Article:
Detection of organ dysfunction by hypotension and/or hyperlactemia in septic patients

Publikation: KonferencebidragPosterForskningpeer review

BackgroundThe definitions of sepsis were updated February 2016[1] - organ dysfunctions remain the turning point between “simple infection” and sepsis (previously severe sepsis). Hypotension and hyperlactatemia define two of many organ dysfunctions presented in the most recent Surviving Sepsis Campaign (SSC-2012) [2]. Blood pressure and lactate are readily available at bedside. We hypothesize, defining hypotension and/or hyperlactemia (“Simple tool”) as early indicators of organ dysfunction, we can identify organ dysfunction in the septic patients with same accuracy as “Gold standard” (SSC-2012).
Materials and methods We performed a retrospective cohort study, using manual chart review to identify patients with suspected infection within 24 hours of admission. Inclusion criteria were emergency department (ED) patients from Aarhus University Hospital, Denmark, in March 1st - 31st 2015 (receiving approx. 56.000 patients annually), age ≥18 years, Danish CPR-number, and length of overall hospital stay ≥24 hours. Baseline characteristics, vital signs, blood samples and cultures were extracted from the electronic patient record. A patient was classified as having suspected infection, if the treating physician documented a suspicion/confirmation of infection within the first 24h of admission. Diagnoses were confirmed by expert proof reading, and calculation of inter-rater agreement. Severe sepsis-defining organ dysfunction cut-offs were adapted from SSC-2012 (Gold Standard). “Simple tool” hypotension was defined as systolic blood pressure < 90mmHg and/or hyperlactemia as arterial lactate > 2,5mmol/l within 24 hours of admission. We compared the two cohorts (Gold Standard vs. “Simple tool”) by calculating sensitivity with binomial 95% confidence intervals (CI).
ResultsWe enrolled 960 emergency patients fulfilling the inclusion criteria. 494 patients (51%) were suspected to have infection within the first 24h of admission. Inter-rater agreement regarding suspected infection was 81% (p<0.00001). 93 patients had severe sepsis and 16 had septic shock according to SSC-2012. The “Simple tool” detected 73 of the septic patients, giving a sensitivity of 67%, 95%CI [57%-76%].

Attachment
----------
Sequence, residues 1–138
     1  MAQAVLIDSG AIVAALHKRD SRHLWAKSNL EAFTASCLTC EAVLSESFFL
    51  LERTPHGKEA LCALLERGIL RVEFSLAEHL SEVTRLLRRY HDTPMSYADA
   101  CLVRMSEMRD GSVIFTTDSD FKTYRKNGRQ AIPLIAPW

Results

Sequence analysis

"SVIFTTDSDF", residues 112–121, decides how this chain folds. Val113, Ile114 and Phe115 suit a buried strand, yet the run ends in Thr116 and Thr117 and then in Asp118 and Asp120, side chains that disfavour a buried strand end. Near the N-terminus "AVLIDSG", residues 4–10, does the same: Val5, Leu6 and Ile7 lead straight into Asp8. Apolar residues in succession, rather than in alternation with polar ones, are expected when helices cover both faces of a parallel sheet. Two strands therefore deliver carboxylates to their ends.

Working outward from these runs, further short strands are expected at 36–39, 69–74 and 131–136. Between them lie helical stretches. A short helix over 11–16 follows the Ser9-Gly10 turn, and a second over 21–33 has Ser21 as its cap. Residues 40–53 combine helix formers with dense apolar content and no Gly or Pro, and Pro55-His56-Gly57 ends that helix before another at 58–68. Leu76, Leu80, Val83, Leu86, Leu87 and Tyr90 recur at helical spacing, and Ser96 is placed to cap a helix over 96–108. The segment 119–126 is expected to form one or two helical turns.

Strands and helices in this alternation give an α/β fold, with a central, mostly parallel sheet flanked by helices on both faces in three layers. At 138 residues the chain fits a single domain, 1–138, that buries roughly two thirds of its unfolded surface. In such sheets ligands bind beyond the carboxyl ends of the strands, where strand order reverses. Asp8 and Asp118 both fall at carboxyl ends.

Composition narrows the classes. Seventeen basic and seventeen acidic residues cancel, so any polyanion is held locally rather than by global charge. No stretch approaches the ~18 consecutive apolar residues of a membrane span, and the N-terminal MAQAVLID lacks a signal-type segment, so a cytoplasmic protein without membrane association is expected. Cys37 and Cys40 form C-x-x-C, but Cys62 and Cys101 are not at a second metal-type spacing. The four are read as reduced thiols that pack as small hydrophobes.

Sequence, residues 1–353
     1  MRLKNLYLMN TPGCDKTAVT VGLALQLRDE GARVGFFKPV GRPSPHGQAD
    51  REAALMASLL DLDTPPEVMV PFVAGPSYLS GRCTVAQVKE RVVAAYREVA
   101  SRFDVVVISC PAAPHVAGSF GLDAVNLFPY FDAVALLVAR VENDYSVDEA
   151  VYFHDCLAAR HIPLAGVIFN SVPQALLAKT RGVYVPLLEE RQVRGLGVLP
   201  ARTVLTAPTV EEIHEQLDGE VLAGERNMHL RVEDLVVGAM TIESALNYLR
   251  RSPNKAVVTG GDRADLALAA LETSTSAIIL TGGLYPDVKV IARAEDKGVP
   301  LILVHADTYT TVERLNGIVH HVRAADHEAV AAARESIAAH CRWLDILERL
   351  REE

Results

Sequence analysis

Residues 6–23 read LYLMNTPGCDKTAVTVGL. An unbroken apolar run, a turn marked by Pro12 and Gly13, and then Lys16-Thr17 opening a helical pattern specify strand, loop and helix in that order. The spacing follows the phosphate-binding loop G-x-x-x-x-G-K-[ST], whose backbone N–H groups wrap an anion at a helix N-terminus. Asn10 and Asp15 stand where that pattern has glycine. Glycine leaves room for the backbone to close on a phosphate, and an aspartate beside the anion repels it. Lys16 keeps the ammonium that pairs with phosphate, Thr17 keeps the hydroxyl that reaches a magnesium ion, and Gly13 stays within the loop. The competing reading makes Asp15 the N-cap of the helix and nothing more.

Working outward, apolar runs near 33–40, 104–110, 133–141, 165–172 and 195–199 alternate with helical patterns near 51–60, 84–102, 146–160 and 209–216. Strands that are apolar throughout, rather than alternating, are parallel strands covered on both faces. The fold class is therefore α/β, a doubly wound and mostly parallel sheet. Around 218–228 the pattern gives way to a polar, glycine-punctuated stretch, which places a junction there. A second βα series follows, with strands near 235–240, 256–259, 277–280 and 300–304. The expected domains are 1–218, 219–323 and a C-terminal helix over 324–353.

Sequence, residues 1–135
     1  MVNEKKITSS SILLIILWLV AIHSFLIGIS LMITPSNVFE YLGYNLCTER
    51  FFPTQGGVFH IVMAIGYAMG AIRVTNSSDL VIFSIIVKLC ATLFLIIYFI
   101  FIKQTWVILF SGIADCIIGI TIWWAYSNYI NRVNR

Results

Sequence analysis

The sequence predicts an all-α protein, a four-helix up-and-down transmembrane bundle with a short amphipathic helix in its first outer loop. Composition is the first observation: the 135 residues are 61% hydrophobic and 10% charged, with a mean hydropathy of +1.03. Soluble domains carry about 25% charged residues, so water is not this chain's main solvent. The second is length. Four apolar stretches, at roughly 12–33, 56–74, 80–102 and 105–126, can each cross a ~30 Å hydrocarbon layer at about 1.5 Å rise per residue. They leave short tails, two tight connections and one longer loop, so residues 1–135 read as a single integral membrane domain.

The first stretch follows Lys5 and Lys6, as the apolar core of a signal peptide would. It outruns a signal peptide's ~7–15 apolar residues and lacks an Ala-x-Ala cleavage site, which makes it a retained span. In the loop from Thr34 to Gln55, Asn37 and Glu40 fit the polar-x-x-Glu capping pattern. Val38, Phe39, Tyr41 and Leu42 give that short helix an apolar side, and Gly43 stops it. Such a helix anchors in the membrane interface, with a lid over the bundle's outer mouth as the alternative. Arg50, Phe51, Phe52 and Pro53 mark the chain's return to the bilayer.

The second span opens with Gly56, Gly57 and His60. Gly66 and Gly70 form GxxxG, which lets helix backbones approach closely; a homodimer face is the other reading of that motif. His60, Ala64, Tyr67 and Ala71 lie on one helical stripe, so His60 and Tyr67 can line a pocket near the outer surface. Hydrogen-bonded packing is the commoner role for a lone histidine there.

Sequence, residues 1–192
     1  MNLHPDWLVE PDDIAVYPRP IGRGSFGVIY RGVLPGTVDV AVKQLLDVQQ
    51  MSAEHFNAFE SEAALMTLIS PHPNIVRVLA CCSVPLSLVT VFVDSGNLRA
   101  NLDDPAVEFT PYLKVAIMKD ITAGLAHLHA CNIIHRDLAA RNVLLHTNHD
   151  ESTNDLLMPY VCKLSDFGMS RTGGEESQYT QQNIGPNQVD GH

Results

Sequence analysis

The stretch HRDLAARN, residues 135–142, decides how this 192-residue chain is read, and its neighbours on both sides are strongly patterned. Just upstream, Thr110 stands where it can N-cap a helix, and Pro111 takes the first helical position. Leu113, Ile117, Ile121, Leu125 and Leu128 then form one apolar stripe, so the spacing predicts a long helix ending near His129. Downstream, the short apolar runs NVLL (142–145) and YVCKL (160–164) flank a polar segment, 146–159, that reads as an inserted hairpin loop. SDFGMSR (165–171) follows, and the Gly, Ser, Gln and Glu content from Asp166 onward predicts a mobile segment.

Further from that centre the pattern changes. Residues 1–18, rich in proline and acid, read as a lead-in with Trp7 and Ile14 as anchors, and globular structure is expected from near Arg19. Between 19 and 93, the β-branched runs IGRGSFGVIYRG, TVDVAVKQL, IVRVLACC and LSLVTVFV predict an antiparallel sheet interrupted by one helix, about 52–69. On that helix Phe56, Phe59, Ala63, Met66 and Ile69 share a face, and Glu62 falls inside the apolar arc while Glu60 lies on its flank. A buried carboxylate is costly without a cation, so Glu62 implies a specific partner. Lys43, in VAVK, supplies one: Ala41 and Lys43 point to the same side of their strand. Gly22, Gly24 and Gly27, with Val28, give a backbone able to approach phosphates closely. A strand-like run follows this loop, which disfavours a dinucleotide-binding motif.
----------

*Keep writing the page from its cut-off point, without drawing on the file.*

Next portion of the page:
ConclusionHypotension and hyperlactemia detected 67% of the patients with septic organ dysfunction. This indicates, that a "Simple tool" might be useful to identify organ dysfunction. However, a full screening of all organ dysfunction parameters should still be performed to detect all (severe) septic patients.
References1. Dellinger RP, Levy MM, Rhodes  A,  et al; Surviving Sepsis Campaign Guidelines Committee Including the Paediatric Subgroup.  Surviving Sepsis Campaign: international guidelines for management of severe sepsis and septic shock: 2012. Crit Care Med. 2013;41(2):580-637.2. Singer M, Deutschman CS, Seymour CW, Shankar-Hari M, Annane D, Bauer M, et al. The Third International Consensus Definitions for Sepsis and Septic Shock (Sepsis-3). JAMA. 2016;315:801–10.
Antal sider1
StatusUdgivet - 2016
BegivenhedThe Sepsis Annual Symposium - Institut Pasteur, Paris, Frankrig
Varighed: 6 dec. 20168 dec. 2016


KonferenceThe Sepsis Annual Symposium
LokationInstitut Pasteur


  • Sepsis, emergency medicine

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